Porthos tracks down his father, only to become entangled in a web of deceit and human trafficking.
The Musketeers and the panto prostitution plot
Oh dear. We have been building up to Porthos‘ quest to find his father since the opening episode, only for him and Aramis to simply pitch up rather anti-climactically at the Marquis de Belgard‘s estate even before the opening credits have rolled. And, not for the first time this season, despite drafting in a heavyweight guest star in the form of Liam Cunningham (Game of Thrones‘ Davos Seaworth) to play the role of Porthos’ father, he is promptly underused as the focus shifts instead to a plodding and predictable story about the exploitation of young girls for prostitution.
Which is a shame, because the machinations of Belgard’s lies and half-truths in trying to shift the blame for dumping Porthos and his mother in the Court of Miracles on to Treville has the makings of a decent story. Belgard, De Foix and Treville’s blood oath meant that Treville felt honour-bound to commit this dishonourable act to support his comrade when his father threatened to disinherit him. Instead, what could have been an interesting examination of codes of honour is condensed into a few short scenes, making Porthos’ sudden distrust of Treville – particularly when he reveals at the end that he knew Belgard had been lying to him – feel rushed and contrived.
Belgard is certainly a more interesting and complex character than his cruel daughter Eleanor and her sadistic husband Antoine Levesque, a pair of sneering pantomime villains whose only apparent motive is greed in a storyline that is of minor interest to social historians but serves little function other than to create the episode’s sense of jeopardy and give Athos and D’Artagnan something to do other than look moody as they work through their respective women problems with Milady and the grieving Constance, who is comically courted by Doctor Lemay.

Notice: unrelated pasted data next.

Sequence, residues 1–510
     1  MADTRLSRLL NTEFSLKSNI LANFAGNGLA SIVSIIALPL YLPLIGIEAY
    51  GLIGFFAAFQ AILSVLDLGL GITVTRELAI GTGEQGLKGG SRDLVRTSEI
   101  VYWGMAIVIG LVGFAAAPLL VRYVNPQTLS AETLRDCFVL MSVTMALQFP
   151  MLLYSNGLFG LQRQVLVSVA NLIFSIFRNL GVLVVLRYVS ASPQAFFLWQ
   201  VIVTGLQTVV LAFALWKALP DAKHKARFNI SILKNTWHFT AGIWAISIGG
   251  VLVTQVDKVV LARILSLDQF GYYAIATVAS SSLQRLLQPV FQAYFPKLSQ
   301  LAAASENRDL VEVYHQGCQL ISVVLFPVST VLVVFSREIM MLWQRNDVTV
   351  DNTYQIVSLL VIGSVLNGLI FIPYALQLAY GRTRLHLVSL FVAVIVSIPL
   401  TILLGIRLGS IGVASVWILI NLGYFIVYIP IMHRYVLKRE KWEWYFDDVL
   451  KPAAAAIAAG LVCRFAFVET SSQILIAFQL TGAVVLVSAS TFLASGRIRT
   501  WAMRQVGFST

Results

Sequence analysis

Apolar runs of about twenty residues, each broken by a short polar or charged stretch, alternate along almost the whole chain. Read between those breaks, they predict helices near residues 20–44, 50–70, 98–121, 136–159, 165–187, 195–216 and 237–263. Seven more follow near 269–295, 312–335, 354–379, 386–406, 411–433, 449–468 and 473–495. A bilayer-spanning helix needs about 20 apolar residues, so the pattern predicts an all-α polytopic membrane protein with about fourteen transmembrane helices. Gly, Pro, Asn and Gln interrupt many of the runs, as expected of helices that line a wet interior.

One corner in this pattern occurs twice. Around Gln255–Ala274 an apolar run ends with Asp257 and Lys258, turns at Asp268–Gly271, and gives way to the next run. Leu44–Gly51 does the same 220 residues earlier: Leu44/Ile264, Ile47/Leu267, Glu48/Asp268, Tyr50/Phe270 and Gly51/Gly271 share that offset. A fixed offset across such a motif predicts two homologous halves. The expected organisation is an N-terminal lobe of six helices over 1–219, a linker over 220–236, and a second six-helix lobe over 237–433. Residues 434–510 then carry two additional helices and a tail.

Ultimately the good guys defeat the bad guys, Belgard’s plan to turn Porthos against Treville fails and D’Artagnan returns to the garrison to find that Constance has decided to throw formality to the winds, cast off her black mourning robes and declare her love for him. Again.
Rochefort’s descent into madness
Far more interesting this week was the B-plot which saw Rochefort learning the truth about Aramis and his beloved Anne, accelerating his descent into madness and leading to the concluding scene in the queen’s chambers in which he unravels before our eyes, demanding that she tell him she loves him as much as he does her and forcing himself upon her when she refuses. Only Constance’s return prevents him from going further, Anne stabs Rochefort in the eye and he places her under house arrest and promises to tell an already paranoid King Louis about her and Aramis. Uh oh.
And so begins the endgame. With Aramis seemingly heading for a charge of treason and Constance likely to be endangered by her support for Anne, could Milady yet prove to be the Musketeers’ most valuable ally?
Having seeded Porthos’ search for his father throughout this season, what we ended up with was a lot of build-up for an episode which tried to carry three major plotlines – the Porthos/Belgard/Treville mystery, Eleanor and Levesque’s distasteful trade and Rochefort – and ended up with the first two detracting from each other, with only events back at the palace feeling properly done. The end result? A pedestrian story which moved the ongoing season arc on nicely but failed with its central story. Poor – and a real let-down after last week’s barnstormer.